Step 1: Korg’s iElectribe is a must-have for any iPad musician, so if you haven’t yet bought it from the App Store, we recommend you do so.
Fire it up and tap the orange display to call up the pattern browser. Scroll down until you see the Init patterns. These are practically empty, consisting of only a kick drum on every downbeat.
Step 2: With the pattern running, notice that the Synth 1 button is lit up green, and also that there are four illuminated buttons in your pattern row at the bottom. Touch buttons 7, 8 and 15. They’ll light up and you’ll hear your kick drum playing those steps as the pattern cycles.
Now let’s beef up the bass a little. In the Amp section in the middle-right of the GUI, bring the Low Boost knob up a touch.
Step 3: Touch the Synth 2 button to select it. The sound will be triggered when you do - it’s a classic 808-style snare sound. As you can see, all of your pattern steps are now white - that’s because there are no snares programmed for this pattern. Touch steps 5, 13 and 16 to give your pattern a backbeat with a pickup beat just before it cycles back to the beginning. Easy and effective.
Step 4: iElectribe really comes alive when you start messing about with the parameters in real time. Select Synth 4 and add in some busy hits by dragging your finger across sections of the pattern buttons. When you have a frenetic pattern, have a play with the Pitch knob in the Oscillator section. Drag it across its entire range to hear the effect on the sound and then bring it back to around 048.
Step 5: Our Synth 4 sound ranges from sine kicks to electronic bleeps, and we can automate some of that motion. At the middle-left is a standard set of transport controls. Tap the Record button to engage iElectribe’s Motion recording. Now use your finger to swing the Oscillator Pitch knob from where it’s sitting to around 79 and wiggle it about in between. Your actions will be written into the pattern. Tap the Record button to disengage it.
Step 6: Now let’s add some closed hi-hats. Touch the HH Closed button and write a busy pattern into the sequence. Select the HH Open sound and write some hits into the steps where there were no closed hats sounding. Now we’ve got a pretty good electronic beat going, so let’s add a few more sounds to spice it up before moving on to the effects section.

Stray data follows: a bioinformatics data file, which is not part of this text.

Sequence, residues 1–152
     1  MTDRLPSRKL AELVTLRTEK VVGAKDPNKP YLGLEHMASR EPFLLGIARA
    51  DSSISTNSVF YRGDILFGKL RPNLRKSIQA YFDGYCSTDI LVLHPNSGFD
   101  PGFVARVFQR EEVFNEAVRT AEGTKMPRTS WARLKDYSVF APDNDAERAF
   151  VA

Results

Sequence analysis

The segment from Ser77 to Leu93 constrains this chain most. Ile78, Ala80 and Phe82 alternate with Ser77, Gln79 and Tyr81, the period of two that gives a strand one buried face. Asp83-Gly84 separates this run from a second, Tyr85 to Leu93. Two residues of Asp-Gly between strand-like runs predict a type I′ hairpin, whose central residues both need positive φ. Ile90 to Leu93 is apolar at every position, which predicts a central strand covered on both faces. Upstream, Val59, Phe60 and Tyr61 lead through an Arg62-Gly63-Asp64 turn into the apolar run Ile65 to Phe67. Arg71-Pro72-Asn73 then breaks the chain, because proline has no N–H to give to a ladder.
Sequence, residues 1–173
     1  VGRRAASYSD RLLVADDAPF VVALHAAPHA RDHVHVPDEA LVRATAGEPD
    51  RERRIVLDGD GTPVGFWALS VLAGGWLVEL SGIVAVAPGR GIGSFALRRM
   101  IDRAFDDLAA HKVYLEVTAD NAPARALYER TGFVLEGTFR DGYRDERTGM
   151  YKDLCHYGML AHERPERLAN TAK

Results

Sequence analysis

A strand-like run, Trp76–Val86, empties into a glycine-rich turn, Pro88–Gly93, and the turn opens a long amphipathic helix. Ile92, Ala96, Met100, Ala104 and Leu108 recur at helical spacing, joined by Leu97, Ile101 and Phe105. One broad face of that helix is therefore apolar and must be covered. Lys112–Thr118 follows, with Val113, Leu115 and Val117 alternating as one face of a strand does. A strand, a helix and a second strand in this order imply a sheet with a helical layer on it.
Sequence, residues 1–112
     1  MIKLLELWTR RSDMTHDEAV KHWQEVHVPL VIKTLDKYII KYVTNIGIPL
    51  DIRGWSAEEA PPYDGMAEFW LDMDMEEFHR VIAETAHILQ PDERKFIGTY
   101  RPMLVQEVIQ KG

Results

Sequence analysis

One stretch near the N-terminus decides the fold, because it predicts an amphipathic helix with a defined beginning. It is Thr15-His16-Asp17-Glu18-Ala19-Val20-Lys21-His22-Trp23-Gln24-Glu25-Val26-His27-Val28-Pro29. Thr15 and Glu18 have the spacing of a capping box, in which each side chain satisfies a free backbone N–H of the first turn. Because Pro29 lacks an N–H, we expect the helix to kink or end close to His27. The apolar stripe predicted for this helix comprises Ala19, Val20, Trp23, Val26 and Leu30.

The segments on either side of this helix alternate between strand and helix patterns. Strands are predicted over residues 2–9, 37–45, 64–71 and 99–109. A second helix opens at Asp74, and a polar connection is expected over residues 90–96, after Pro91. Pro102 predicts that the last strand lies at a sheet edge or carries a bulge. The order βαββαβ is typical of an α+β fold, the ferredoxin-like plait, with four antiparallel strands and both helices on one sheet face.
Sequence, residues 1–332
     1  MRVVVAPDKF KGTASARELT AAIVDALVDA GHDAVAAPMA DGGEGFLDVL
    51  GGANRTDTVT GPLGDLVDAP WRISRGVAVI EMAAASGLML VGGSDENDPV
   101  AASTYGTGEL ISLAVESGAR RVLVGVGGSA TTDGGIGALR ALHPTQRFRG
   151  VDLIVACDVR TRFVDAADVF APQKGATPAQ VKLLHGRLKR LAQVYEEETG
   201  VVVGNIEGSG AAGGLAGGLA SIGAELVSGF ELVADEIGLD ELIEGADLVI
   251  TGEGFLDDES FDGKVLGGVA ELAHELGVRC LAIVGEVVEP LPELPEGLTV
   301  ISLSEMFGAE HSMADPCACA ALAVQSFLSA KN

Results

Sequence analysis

Step 7: Tap the Clap Snare button to select it and add a couple of clap hits on steps 5, 11 and 15. Those clap sounds can get stale pretty quickly, so let’s add some interest with iElectribe’s Motion sequencing. With your pattern playing, move the Oscillator’s Mod Depth knob. Quickly swing it from nine o’clock to about two o’clock and then back to the middle. When you like what you hear, record it!
Step 8: Let’s save our handiwork. Tap the Write button and the browser will appear. Touch the patch slot into which you’d like to save the pattern. You’ll be met with a pop-up asking you to confirm and offering some options. Choose Write & Edit Info. An info box will appear, where you can edit the pattern’s name and author, and add any comments using the iPad’s keyboard. Do so and touch Save.
Step 9: Let’s fire up our pattern again. We’re really quite pleased with this - the sound is far more malleable than that of a sample-based beatbox, and there’s still so much more we can do! For example, the effects processor. It’s simple and the options are rather limited, but you can do a lot with it by recording some real-time tweaks. Click on the FX Send button - everything will light up.
Step 10: Swipe your finger across all the instrument buttons and pattern steps to deactivate the effects sends for those sounds and steps. Select HH Closed and tap the first five buttons in your pattern. Now look to the Effect section. FX Edit 1 and FX Edit 2 are turned all the way down. Turn them up to around 10 o’clock and you should hear a metallic echo. That’s because Short Delay is selected.
Step 11: Use the big Effect knob to select a different effect. Try Grain Shifter. Tap the Synth 4 button to send the Synth 4 sound through the effects as well. Touch steps 10, 11, 12, 13 and 14 of your pattern to send them to the effect also. Now have a play with the FX Edit 1 knob. This controls the speed of the Grain Shifter effect and can make some crazy sounds! Try FX Edit 2 next - this controls the effect balance.
Step 12: Click Record and record some real-time spins of those knobs. You should now have a truly diabolical sound, and if you want even more destruction, give the Tube Gain knob a bit of a nudge. As you’d expect, this will impart a bit of high-frequency roll-off and not-so-subtle distortion to your pattern.
Step 13: You probably know how to change the pattern’s tempo, but to change the length, use the Settings. Tap the Settings button to adjust such things as the built-in swing, knob operation and pattern length. Change the Length to 2 - it now plays the pattern we made, followed by another bar of the basic kick pattern. You can multiply the basic pattern length of 16 steps by a maximum of four. Set it back to one bar.
Step 14: If you want to save an audio version of your pattern, a recent update makes it possible to export it to your computer via iTunes. Tap the Settings button. An Export option appears at the top and you can bounce a copy of the pattern or record a real-time performance. After that, sync your iPad, to export the audio file to iTunes.
Liked this? Now read: The best iPad music making apps
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